Beatles’ ‘Get Back’ Book to Tell Official Account of Final Album

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The 50th anniversary of The Beatles’ final year as a working band was supposed to be celebrated in 2020 with the release of the documentary, The Beatles: Get Back, from acclaimed filmmaker Peter Jackson. The collaboration was announced on January 30, 2019, with the revelation that the director was given 55 hours of never-before-seen footage and 140 hours of audio to work with.

On March 10 of this year, Walt Disney Studios announced that it had acquired worldwide distribution rights to the documentary. At that time, the film was planned for a September 4 release.

A companion book, from Callaway Arts & Entertainment, was quietly listed on Amazon with a Sept. 1 publishing date. There was scant detail; no artwork or description. Since it was available for pre-order, scores of Best Classic Bands readers did just that.

Then the pandemic happened. On June 12, Disney announced that Jackson’s documentary was being moved to August 27, 2021. More details on the film from the three-time Oscar®-winning filmmaker are available here. Deluxe editions of any companion audio have not been announced… yet.

The book is now scheduled for August 31, 2021. According to its revised listing on Amazon, the book’s authors are The Beatles themselves, with photos from Ethan A. Russell and Linda McCartney (including the book’s cover photo). Jackson will provide the foreword; novelist Hanif Kureishi is writing the introduction. The listing indicates that The Beatles: Get Back weighs in at 4.6 pounds.

Watch the trailer for the book

From the book’s Amazon listing: The most anticipated book in more than a decade by the legendary band, The Beatles: Get Back is the official account of the creation of their final album, Let It Be, told in The Beatles’ own words, illustrated with hundreds of previously unpublished images, including photos by Ethan A. Russell and Linda McCartney. Half a century after the 1970 Let It Be album and film, this milestone book coincides with the global release of Peter Jackson’s documentary feature film, The Beatles: Get Back.

The Beatles at Apple Studios, during the recording sessions for the Let It Be album (Photo: Ethan A. Russell/©Apple Corps Ltd.)

The book opens in January 1969, the beginning of The Beatles’ last year as a band. The BEATLES (The White Album) is at number one in the charts and the foursome gather in London for a new project. Over 21 days, first at Twickenham Film Studios and then at their own brand-new Apple Studios, with cameras and tape recorders documenting every day’s work and conversations, the band rehearse a huge number of songs, culminating in their final concert, which famously takes place on the rooftop of their own office building, bringing central London to a halt.

The Beatles: Get Back tells the story of those sessions through transcripts of the band’s candid conversations. Drawing on over 120 hours of sound recordings, leading music writer John Harris edits the richly captivating text to give us a fly-on-the-wall experience of being there in the studios.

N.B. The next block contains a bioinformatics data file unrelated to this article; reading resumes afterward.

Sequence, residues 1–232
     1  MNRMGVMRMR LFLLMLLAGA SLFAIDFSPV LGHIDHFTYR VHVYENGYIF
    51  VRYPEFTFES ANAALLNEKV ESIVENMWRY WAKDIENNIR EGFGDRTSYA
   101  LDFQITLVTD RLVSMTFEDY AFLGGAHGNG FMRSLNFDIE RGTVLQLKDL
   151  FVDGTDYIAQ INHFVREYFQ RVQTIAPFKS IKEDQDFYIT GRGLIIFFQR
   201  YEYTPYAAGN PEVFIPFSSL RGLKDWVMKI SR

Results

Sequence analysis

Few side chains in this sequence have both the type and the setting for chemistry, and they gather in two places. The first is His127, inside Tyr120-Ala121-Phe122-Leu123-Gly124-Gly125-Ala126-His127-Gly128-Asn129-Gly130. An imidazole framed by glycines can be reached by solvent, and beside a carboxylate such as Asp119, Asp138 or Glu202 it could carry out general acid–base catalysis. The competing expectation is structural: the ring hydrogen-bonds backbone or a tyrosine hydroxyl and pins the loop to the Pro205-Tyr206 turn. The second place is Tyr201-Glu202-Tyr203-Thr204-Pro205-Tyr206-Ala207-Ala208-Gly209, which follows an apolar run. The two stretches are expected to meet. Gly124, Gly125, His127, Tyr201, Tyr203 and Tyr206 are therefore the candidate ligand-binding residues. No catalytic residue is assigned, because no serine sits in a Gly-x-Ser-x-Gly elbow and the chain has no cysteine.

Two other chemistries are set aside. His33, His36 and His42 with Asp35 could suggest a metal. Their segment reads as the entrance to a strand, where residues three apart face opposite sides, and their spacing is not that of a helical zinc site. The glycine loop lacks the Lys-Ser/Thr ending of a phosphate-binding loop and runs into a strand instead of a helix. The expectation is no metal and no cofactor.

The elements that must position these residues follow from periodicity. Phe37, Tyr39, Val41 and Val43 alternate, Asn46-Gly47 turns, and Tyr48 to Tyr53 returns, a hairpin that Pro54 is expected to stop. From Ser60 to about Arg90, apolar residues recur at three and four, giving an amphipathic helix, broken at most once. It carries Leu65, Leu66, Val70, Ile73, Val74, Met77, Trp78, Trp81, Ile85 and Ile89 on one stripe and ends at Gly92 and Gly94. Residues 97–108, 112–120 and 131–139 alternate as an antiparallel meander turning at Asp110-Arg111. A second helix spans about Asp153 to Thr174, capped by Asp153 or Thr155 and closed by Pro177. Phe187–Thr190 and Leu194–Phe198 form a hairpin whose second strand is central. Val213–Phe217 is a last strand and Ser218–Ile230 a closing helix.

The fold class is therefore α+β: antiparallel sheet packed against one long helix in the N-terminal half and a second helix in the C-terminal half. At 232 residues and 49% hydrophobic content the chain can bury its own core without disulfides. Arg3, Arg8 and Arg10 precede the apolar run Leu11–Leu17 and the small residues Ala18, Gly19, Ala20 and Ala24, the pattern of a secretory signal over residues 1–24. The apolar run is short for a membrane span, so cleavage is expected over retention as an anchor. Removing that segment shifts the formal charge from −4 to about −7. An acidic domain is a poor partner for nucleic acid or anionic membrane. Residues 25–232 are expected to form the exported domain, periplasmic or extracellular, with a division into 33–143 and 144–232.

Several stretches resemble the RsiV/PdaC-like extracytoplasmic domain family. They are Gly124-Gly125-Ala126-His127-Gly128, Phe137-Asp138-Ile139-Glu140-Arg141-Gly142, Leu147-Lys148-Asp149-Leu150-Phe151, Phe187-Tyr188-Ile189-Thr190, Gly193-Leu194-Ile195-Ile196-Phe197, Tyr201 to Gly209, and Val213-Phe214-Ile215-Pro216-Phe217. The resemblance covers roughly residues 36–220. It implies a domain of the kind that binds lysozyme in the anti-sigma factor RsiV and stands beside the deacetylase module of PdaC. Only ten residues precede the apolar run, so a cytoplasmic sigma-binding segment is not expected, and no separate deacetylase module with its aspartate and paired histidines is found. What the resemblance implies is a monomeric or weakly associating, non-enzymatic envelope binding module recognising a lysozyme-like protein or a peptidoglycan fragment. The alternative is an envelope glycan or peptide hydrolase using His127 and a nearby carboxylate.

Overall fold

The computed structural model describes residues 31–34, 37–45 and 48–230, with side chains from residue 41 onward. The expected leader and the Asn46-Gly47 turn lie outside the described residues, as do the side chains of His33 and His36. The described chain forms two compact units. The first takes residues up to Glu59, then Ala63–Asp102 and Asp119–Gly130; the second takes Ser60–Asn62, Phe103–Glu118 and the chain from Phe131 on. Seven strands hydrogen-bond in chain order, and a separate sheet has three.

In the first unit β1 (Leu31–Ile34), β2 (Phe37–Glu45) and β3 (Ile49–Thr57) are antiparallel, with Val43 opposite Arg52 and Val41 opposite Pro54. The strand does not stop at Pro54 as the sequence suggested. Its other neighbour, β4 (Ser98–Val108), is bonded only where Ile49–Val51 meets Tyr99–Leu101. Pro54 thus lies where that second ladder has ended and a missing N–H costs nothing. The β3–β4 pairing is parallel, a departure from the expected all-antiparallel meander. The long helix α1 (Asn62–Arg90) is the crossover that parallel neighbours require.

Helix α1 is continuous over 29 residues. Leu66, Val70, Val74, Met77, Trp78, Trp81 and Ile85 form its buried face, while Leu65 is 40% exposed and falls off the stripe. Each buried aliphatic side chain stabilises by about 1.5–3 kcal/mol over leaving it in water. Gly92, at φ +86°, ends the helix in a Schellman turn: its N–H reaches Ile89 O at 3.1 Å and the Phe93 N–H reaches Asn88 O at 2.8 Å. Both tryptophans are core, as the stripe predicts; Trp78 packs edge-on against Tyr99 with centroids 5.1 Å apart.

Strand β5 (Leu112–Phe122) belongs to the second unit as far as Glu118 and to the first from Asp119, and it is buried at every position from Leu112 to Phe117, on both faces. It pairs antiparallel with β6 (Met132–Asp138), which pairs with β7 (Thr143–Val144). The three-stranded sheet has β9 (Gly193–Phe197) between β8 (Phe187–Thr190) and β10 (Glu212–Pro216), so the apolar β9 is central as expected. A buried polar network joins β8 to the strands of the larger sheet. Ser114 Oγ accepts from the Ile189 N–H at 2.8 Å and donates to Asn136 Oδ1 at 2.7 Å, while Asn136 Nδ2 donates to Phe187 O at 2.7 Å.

The Beatles perform on the roof of their offices at Savile Row, London, 30th January 1969 (Photo: Ethan A. Russell/©Apple Corps Ltd.)

These sessions come vividly to life through hundreds of unpublished, extraordinary images by two photographers who had special access to their sessions―Ethan A. Russell and Linda Eastman (who married Paul McCartney two months later). Also included are many unseen high-resolution film-frames, selected from the 55 hours of restored footage from which Peter Jackson’s documentary is also drawn.

Legend has it that these sessions were a grim time for a band falling apart. However, as acclaimed novelist Hanif Kureishi writes in his introduction, “In fact this was a productive time for them, when they created some of their best work. And it is here that we have the privilege of witnessing their early drafts, the mistakes, the drift and digressions, the boredom, the excitement, joyous jamming and sudden breakthroughs that led to the work we now know and admire.” Half a century after their final performance, this book completes the story of the creative genius, timeless music, and inspiring legacy of The Beatles.

Watch the previously released official video of “Don’t Let Me Down” from Let It Be

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  1. Winston O'Boogie
    #1 Winston O'Boogie 15 September, 2020, 20:50

    How about doing a official release of the roof top concert? There have been so many bootleg ones out there would be nice to hear it all clean up.

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  2. Timflyte
    #2 Timflyte 16 September, 2020, 01:22

    I hope the original fans are still living.
    I have the get back book from 1970..lots of pics in it..( originally released w the lp in the uk )….. But this stretching it out another year…BS….. Its the lowest point in Beatles history ( lots of books on the subject , check out Doug Sulpey’s book…. Which has the script/ words from all the tapes )…. Release it before everyone is dead. Nothing coming out is great …even John said it was terrible shit. Its a money grabber !!!

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  3. Jimmy B
    #3 Jimmy B 18 September, 2020, 05:51

    If Hanif Kureishi wants to rewrite history along with the movie, ok, but true Beatle fans know that these sessions were generally anything but harmonious and were at times extremely fractured and tense.

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